A champion and advocate of children, Dr. Angelica M. Ramsey has served as the Superintendent of Schools for the Pleasant Valley School District since July 2016. Prior to joining PVSD, she served as an associate superintendent, chief academic officer, principal, assistant principal, teacher and athletic coach in California and Texas. Prior to entering the field of education, she briefly served in the US Army as a paralegal specialist.
Under her leadership, PVSD created and published a three-year strategic plan entitled Vision 2020: Excellence for All. The plan outlined newly formulated goals, articulated commitments aligned to LCAP priorities, and identified specific strategies to meet goals. The District also published a Master Facilities Plan which led to a successful $119 MIL school bond measure to ensure 21st century learning environments, upgrades to aging infrastructure, and implementation of safety measures.
Dr. Ramsey resides in Camarillo with her husband, Daryton. She is active in the community with the Rotary Club, Optimist Club, Chamber of Commerce, and the Boys and Girls Club. She holds a bachelor’s degree from the University of the Pacific, a master’s degree from the University of Texas at El Paso, an educational specialist degree in teaching and learning from Liberty University, and a doctorate of education in educational leadership from Liberty University. Her dissertation was entitled, “Nuestra Voz: A Critical Ethnographic Study of Latina School Leaders”.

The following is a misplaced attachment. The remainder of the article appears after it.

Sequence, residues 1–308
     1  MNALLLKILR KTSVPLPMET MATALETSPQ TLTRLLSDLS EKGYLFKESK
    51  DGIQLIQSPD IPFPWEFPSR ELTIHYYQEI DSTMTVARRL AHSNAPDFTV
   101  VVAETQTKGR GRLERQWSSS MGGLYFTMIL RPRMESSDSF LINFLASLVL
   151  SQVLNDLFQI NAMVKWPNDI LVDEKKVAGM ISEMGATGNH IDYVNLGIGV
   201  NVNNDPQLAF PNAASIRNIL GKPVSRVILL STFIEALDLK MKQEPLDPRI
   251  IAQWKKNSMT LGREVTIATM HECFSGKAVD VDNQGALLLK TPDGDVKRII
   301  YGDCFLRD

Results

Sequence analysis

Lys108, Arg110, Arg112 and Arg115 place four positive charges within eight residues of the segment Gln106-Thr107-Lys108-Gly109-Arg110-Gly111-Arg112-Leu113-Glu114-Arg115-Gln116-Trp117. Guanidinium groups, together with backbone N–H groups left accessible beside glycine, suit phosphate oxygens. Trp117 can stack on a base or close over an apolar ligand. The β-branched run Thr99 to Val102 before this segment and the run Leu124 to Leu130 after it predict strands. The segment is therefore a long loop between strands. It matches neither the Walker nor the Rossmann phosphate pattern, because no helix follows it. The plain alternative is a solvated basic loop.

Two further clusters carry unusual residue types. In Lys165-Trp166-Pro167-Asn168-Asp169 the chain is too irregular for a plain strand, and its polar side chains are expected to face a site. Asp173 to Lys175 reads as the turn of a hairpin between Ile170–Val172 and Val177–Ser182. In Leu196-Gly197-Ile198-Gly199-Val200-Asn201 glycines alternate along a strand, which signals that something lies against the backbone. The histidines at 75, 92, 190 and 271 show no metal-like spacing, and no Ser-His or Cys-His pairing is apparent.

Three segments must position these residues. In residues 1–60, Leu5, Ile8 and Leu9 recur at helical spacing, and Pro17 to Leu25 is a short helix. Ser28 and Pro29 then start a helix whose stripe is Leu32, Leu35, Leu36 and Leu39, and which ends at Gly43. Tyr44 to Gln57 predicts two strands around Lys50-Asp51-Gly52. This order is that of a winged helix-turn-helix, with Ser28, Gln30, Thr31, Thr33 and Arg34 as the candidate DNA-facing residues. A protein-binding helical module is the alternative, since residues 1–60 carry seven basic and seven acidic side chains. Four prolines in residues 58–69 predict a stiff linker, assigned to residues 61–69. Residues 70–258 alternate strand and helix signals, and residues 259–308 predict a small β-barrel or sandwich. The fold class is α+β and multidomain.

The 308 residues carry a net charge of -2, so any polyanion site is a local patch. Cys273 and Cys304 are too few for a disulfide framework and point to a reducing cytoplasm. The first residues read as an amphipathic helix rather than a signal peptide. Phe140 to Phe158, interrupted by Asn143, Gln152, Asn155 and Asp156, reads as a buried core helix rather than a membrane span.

Dr. Cesar A. Morales is Superintendent for the growing Oxnard School District, with approximately 17,000 students. He has served the public education system as a high school teacher, middle school Special Education teacher, middle school counselor, Assistant Principal, Learning Director, Principal, and Assistant Superintendent of Human Resources prior to his current role of Superintendent. He also served as a part-time instructor at Loyola Marymount University in Los Angeles teaching Organizational Management courses in the Educational Administration program.
Dr. Morales earned a Bachelor of Arts Degree from Loyola Marymount University, a Master of Arts Degree in Educational Administration from Loyola Marymount University, and a Doctorate in Education from University of California Los Angeles (UCLA). As a doctoral student, his research interests included resiliency theory, school access and equity, parental involvement and college going culture. He is active in the community. Presently, Dr. Morales serves as a Commissioner on the Ventura County First 5 Commission that focuses on early childhood development, early literacy and wrap around services to children from birth to 5 years old.
Dr. Morales is a former mentor in the California Association of Latino Superintendents and Administrators (CALSA) and former Southern California region representative. He recently finished his term as President for CALSA. Most recently, Dr. Morales was recognized by EdWeek as being the recipient of the “Leaders to Learn From” Superintendent Award which is a national recognition given in Washington, D.C.